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03 December, 2015

For The Unloved Broken People

✍ CURRENTLY WRITING FROM: SAN DIEGO, CALIFORNIA

Every time I try to write the first sentence of this post, it gets erased, and an even more passive-aggressive one takes its place.  I think I have to check within me one more time and accept that there's nobody to attack.  Because that's the whole point of this essay.

Being a broken person is not pretty.  Being broken does not equal being found while you're wandering a city by yourself at night, doing "broken person" things.  Someone will not find you and think that you're just weird enough for them to love unconditionally.  How could they?  When you're so broken that you're too ashamed to let any one in.  How could any one know?

That's the thing about there being something wrong with you.  There's so much shame.  Because people do love you.  But your inherent self-hatred prevents you from feeling that love.  It feels like people are doing their homework, taking care of you.  You can hear the strain in their voice when they tell you for the hundredth time that there's nothing to panic about.

esperando a mi terapeuta

There's been a culmination of events.  (Isn't there always?)  I'm frightened a lot these days.  It's as though my body knows that there's a slow unraveling happening within me, but my brain doesn't yet.  I can sense it.  When I wake up, I stare.  It's been taking me longer to get out of bed.  I pace a lot.  I'm not thinking of anything particularly important, but I pace and I pace and I pace and I worry about something that needs me to worry about it.  I fall asleep in baths.  I can't bring myself to cry much anymore.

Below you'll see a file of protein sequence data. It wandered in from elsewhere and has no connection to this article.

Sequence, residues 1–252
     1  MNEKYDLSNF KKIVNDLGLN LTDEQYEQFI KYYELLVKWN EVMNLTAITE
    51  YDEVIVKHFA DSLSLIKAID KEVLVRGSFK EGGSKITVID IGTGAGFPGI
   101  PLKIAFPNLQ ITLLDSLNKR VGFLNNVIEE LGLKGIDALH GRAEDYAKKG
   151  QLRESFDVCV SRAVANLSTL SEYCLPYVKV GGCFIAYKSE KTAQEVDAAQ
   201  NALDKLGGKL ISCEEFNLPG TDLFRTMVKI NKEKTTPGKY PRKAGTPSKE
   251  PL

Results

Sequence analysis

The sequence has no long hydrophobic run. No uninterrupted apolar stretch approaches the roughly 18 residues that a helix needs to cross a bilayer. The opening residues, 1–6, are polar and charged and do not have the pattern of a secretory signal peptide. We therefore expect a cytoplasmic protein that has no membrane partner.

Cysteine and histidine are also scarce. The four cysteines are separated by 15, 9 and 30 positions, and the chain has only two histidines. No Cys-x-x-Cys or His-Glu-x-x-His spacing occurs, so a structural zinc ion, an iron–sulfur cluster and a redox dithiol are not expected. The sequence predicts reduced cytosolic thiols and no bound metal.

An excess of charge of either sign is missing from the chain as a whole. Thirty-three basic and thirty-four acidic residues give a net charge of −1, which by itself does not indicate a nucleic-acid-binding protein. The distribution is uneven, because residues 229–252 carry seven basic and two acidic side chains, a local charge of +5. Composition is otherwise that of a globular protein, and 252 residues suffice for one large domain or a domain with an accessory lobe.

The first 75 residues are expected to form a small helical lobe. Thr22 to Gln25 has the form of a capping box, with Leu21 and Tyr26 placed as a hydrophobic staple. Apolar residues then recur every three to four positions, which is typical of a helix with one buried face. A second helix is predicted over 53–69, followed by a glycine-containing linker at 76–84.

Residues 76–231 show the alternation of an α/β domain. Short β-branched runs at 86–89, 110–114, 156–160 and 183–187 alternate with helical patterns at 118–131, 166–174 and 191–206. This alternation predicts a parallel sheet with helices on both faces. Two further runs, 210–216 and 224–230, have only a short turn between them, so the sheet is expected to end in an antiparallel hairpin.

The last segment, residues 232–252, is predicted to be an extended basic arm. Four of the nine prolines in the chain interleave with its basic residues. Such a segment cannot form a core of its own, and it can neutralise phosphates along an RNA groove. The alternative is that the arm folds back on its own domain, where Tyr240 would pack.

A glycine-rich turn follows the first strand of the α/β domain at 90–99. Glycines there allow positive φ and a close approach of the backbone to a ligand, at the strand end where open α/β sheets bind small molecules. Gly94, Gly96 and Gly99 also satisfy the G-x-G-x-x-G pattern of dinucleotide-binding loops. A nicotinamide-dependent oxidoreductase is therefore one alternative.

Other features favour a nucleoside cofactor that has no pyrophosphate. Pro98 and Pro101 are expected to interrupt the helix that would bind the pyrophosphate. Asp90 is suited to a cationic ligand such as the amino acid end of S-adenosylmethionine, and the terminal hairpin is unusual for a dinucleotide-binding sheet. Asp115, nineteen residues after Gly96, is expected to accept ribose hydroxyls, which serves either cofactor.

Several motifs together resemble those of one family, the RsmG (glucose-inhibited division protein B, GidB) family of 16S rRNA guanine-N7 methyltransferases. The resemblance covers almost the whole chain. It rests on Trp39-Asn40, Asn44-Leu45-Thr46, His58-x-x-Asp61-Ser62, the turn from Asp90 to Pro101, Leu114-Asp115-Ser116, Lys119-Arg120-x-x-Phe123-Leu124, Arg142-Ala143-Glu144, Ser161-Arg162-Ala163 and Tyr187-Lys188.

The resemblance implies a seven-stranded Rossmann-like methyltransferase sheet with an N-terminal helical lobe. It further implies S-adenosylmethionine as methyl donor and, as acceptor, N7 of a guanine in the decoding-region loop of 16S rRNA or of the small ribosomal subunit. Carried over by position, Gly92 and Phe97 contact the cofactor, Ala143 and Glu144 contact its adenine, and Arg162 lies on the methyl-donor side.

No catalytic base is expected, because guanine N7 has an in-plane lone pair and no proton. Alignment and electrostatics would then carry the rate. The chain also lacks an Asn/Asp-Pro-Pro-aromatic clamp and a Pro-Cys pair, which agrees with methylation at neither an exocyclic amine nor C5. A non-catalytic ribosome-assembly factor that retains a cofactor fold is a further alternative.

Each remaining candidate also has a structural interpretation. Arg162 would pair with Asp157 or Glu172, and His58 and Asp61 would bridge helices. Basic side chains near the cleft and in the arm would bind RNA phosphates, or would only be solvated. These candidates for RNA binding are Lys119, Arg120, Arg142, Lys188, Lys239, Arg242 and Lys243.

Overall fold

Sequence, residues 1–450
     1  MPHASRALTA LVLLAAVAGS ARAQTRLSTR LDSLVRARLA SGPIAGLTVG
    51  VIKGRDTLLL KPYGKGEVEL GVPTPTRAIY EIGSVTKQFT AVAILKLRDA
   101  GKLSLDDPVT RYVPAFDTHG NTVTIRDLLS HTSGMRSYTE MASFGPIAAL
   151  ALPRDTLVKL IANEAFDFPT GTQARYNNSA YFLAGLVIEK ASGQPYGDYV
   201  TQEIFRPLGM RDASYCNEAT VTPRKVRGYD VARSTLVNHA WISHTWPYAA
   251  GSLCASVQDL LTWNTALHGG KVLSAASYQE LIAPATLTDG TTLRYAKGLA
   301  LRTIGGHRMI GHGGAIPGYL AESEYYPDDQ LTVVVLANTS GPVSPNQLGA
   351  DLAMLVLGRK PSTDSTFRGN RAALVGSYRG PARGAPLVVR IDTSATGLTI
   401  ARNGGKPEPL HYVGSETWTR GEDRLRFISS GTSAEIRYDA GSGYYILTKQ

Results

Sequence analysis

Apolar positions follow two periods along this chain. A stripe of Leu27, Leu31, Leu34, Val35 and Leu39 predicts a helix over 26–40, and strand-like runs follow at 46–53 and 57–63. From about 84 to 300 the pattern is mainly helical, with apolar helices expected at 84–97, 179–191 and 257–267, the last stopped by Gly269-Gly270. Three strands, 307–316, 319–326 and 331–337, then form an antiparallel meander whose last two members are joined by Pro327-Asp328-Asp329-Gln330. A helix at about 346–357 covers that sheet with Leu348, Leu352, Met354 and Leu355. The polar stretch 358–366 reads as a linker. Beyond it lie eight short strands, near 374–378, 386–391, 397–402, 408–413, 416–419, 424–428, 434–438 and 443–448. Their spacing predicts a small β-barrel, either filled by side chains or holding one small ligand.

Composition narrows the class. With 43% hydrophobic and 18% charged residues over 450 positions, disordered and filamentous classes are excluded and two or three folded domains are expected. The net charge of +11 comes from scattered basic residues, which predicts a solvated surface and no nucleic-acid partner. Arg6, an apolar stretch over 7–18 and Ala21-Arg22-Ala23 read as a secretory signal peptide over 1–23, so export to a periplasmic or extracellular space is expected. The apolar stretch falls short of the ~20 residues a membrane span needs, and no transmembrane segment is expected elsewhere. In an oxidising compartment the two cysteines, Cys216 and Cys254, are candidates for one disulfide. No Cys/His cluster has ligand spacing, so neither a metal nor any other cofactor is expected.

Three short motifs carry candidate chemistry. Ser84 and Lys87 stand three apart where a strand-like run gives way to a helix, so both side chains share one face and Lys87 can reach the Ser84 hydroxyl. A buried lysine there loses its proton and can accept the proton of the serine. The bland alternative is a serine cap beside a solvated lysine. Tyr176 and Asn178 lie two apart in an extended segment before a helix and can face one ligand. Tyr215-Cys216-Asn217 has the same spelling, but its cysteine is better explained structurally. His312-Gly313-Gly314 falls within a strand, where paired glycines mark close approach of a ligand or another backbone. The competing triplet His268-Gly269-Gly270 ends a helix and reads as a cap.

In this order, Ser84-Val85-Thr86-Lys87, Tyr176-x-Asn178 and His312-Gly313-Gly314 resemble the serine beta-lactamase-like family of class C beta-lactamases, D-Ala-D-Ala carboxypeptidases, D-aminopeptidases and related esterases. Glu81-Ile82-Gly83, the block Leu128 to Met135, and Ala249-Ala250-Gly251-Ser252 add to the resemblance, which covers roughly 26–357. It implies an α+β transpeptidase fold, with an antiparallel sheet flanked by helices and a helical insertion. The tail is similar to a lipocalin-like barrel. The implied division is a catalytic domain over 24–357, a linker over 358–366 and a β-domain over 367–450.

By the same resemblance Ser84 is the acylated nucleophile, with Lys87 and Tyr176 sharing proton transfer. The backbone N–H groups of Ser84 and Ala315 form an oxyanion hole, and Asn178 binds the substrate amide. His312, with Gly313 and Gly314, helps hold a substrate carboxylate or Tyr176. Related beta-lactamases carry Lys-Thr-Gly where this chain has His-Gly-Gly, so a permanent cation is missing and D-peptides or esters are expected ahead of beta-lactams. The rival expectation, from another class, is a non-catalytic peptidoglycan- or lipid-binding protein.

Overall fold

Last night I attended a candlelight vigil for a girl I used to go to high school with.  I went to support her parents, because both of their daughters had passed away in the accident.  I didn't expect to cry.  I didn't feel my boots get heavy during the vigil.  I didn't feel my boots get heavy as I walked away, listening to people cry in the distance.  I didn't feel my boots get heavy in the car ride home.  It wasn't until I arrived in my room that I felt my shoulders, my feet, my hands, my head get heavier.

Since January, I've realized how much death horrifies me.  You know how there's many things you know are horrible, but your innate naïveté helps you not freak out about them?

You know you're going to die, you know your parents are going to die, you know accidents happen, you know the world is unsafe, but there's many distractors (I know, it sounded harsh as I typed it) in life that remind you that there's no use being afraid of them every waking moment.  That's not what living with a panic disorder is like.  I won't even try to explain what that's like, because I'm completely done with reading generalizations about this, as though we all think the same and have the same triggers and are phobic of the same things, but that's not my point.

I studied books for months, swallowed pills, went to yoga, kept a journal, opened up to friends, took up new hobbies, and somewhere at the beginning of fall, I felt better.  That's the one thing all the books and all the therapists warn you about: don't assume it's gone forever.  It might come back, it might not, but it might, and you can't admit defeat.  "Fight just as hard as this time."

But the books and the online self-help essays can't help but work on those damned generalizations.  It took me months to admit I needed help, it took me half a year to see results.  Now I'm back in square one.  And I wish asking for help didn't feel like the most selfish thing in the world.


hands

To the people who have been lied to and told that their pain is pretty, I'm sorry.  Something I've read over and over in my books is that one of the best ways to help someone with anxiety or depression is to avoid giving unrequited advice.  So this is me acknowledging your pain.

For the broken people who feel like love is something that people have to give to you for you to stay alive.  For the people who have to be mindful of everything that they do, not to live a happier life, but because letting your mind be free has catastrophic consequences.  For the people who fear emotional intimacy because they know that people leave.  Because they don't want love to feel like a chore, too.

For the people who can't remember whole days, whole weeks, whole months.  For the people who are afraid to be alone.  For the people who are afraid of public transport.

For the broken people whose phobias get mocked on television.  For the people who get the message that everyone else sees how unreasonable they are.  For the ones who feel everyone walks on eggshells around them.

I don't know how to comfort us yet.  But I understand you.